I have always had a soft spot for George Pal, purchasing Arnold Leibovit's The Puppetoon Movie on VHS in the late '80s, then the Image DVD in the early 2000s. There is also the excellent upgraded expanded version (with still more extras) on both BluRay and DVD: https://shop.tcm.com/the-puppetoon-movie/757347404144 TCM had a spotlight on Pal last year.

After experimenting with stop motion in some German advertising films like the marching cigarettes in Mitternacht (Midnight), George Pal set up a little factory, followed by a bigger one with a bigger staff, in Eindhoven with Philips Radio backing him. One of his first color cartoons for Philips was the delightful cel-animated Radiorør-Revolusjonen (Radio Valve Revolution/Revolution Of The Bulb), but stop-motion of doll figures soon became his true love. The Ship of the Ether was the first of eight stop-motion efforts processed in still now impressive (if slightly primitive) Gasparcolor. By 1937, he was shooting in full Technicolor, with Unilver and the British based Horlicks also sponsoring him. The outbreak of war sent him to Hollywood and Paramount Pictures; his newer facilities providing work for a young Ray Harryhausen in 1940, among others. (Some of his key Dutch staff members reunited after the war with a new company called Dollywood.) After 1947, Pal's focus switched from short subjects to mostly live-action features with stop-motion special effects.

Compared to his later efforts, this one is quite simple in the design of its figures (resembling Fisher Price “Little People”), but elaborate with its glass art deco settings. Like a follow-up Puppetoon released in early 1935, De Tooveratlas (The Magic Atlas), it advertises how sophisticated the Philips sound system is, both on cruise ships far from land and in broadcasting from different countries.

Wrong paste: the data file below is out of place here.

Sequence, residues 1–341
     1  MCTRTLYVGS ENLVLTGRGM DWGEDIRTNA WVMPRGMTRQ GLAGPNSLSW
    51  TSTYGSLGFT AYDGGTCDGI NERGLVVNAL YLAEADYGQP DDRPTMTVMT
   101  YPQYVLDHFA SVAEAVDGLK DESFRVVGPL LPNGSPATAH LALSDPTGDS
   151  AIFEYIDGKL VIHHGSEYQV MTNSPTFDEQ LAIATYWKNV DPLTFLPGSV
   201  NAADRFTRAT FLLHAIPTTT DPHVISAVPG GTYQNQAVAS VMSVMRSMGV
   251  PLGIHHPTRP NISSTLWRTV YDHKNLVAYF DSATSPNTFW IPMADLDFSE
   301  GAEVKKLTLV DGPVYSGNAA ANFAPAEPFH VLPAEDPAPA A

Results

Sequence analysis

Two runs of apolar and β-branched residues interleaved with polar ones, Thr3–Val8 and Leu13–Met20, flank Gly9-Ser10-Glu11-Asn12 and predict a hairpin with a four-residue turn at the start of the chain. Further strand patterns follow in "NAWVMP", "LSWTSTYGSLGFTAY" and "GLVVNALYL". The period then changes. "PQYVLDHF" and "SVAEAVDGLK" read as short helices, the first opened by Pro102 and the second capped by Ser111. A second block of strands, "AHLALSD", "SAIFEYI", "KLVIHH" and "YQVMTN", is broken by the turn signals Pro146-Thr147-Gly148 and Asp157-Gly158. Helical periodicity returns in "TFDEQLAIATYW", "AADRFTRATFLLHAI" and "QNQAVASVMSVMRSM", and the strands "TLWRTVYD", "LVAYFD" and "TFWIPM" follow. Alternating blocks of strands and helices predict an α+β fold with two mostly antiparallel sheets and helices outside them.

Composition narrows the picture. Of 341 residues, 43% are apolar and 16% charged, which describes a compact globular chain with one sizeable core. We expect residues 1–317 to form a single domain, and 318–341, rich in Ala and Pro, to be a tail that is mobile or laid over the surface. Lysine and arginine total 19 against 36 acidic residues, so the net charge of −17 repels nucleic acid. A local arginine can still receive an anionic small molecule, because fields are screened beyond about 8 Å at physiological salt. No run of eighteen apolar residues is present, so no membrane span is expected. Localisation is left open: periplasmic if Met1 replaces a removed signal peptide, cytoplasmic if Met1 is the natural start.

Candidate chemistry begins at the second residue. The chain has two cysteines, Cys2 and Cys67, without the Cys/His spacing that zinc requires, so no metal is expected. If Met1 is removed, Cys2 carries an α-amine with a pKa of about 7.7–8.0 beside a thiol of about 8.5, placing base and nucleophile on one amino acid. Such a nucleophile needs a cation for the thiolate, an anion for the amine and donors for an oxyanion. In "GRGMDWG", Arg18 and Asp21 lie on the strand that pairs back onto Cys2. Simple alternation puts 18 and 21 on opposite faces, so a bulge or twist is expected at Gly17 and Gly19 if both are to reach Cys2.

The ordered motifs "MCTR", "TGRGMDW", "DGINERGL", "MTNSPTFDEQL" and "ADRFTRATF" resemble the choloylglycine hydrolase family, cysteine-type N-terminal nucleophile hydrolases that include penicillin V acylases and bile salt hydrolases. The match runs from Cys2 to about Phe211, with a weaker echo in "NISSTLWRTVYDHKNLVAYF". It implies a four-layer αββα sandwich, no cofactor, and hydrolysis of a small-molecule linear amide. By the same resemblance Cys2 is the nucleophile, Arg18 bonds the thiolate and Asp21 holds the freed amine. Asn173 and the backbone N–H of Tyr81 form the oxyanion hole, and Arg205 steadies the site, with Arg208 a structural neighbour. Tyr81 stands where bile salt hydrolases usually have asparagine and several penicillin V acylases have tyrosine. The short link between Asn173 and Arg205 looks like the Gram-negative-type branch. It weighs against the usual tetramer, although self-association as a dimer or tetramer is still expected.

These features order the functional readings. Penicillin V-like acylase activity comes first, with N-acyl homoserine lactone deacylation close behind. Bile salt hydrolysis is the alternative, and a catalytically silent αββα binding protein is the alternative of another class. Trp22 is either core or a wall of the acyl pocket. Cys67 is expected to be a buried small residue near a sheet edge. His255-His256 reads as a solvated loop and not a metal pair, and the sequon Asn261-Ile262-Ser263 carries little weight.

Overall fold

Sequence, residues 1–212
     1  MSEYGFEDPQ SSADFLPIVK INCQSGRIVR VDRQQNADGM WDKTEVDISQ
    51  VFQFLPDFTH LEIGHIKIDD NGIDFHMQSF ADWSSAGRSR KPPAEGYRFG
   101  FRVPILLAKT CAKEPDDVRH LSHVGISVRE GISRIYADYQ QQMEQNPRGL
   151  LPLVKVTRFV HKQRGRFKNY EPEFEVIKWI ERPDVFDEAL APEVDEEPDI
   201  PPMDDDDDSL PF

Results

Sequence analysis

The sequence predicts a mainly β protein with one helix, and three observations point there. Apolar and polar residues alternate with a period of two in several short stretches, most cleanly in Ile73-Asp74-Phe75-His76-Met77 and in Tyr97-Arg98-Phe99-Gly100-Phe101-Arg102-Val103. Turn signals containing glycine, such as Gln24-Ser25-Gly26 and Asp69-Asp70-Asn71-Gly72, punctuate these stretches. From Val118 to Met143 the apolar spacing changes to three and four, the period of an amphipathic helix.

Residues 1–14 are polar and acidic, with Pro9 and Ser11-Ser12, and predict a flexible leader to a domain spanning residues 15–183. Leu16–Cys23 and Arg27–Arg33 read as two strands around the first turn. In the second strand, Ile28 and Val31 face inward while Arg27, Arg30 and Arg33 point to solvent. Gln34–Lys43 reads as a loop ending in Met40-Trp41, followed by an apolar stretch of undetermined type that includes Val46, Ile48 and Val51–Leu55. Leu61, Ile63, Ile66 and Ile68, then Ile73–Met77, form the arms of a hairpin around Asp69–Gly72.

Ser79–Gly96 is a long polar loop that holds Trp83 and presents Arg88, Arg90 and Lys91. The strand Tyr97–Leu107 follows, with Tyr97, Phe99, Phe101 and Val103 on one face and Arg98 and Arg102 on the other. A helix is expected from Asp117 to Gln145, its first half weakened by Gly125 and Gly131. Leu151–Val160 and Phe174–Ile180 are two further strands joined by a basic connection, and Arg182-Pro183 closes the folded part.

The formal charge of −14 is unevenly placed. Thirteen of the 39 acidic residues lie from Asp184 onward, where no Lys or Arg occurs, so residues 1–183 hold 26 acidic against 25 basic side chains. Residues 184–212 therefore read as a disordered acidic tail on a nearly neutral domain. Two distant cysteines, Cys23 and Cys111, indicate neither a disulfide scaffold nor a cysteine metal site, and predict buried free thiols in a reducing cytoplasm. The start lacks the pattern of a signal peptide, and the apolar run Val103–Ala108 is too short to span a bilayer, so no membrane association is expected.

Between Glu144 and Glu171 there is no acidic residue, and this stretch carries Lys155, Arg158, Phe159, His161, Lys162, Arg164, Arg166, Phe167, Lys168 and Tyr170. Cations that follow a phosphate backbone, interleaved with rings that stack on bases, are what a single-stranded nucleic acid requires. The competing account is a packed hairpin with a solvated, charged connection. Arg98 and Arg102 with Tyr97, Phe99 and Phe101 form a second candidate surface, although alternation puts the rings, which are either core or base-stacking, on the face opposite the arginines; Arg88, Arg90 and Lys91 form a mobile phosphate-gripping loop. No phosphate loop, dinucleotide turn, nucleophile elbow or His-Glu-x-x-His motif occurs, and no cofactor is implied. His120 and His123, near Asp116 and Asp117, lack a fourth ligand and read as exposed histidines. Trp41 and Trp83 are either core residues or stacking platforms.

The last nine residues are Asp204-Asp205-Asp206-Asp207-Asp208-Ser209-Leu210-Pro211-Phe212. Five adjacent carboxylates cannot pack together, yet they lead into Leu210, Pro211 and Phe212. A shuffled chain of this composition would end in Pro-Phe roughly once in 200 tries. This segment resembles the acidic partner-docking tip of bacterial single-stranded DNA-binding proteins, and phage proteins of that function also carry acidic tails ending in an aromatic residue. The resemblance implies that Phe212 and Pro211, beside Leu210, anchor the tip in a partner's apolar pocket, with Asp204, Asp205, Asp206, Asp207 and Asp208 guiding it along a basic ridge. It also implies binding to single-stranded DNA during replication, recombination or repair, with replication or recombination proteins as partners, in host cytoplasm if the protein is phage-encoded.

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Cavallette (Grasshoppers)

Italy: Bozzetto Produzioni

Bruno Bozetto

Released May 1990

 

Insects will outlive all human kind, being unconcerned with human obsession for violence. Provided, that is, that the humans keep decomposing into green, green grass.

 

 

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These two have always been favorites of mine, both satires on motion pictures. The first one, a product of Britain's top animation studio of the 20th century, is a crash history lesson on movie making from cave man “comics” through the rise of wide screens in the 1950s to combat that electrical box installed in every living room. The second one, from Russia's top animation studio of the 20th century, presents the actual making of a movie as if it is happening in the Book of Job with every conceivable frustration involved.

 

History of the Cinema

UK: John Halas & Joy Batchelor

Released August 1956

 

The Brits always displayed a dry sense in humor in their animated cartoons, even when lecturing. Some of the funny writing comes from Nicholas Spargo (who, under his own studio, produced some of the wittiest TV ads of the sixties and seventies featuring oddball couple Joe and Petunia). Great character animation by Harold Whitaker and John Smith add to the fun, including a key scene of a movie censor guy chopping up the footage so that the patrons can't see all of this “sin”, but savoring it all for himself. Greedy little so and so...

 

 

 

 

Фильм, фильм, фильм (Film Film Film)

Soviet Union: Soyuzmultfilm

Fyodor Khitruk

Released December 1968

 

Fyodor Khitruk had met the great Sergei Eisenstein at least once before he died in 1948, although (according to Wikipedia) the hot-tempered director lampooned here was inspired by one of his contemporaries, Grigori Roshal.

I absolutely love how this presentation is put together. We start with shots of pop art from the swinging sixties of everybody, including the late Marilyn Monroe and late Buster Keaton. Then we are thrust into all of the frustration behind the glitz, complete with uncooperative weather for cow shots and uncooperative child actors. Perhaps Khitruk's statement here is that Soviet filmmakers were increasingly jealous of what was happening in sunny capitalistic California. Over here, you don't get Oscars but a mere flower bouquet as gratitude.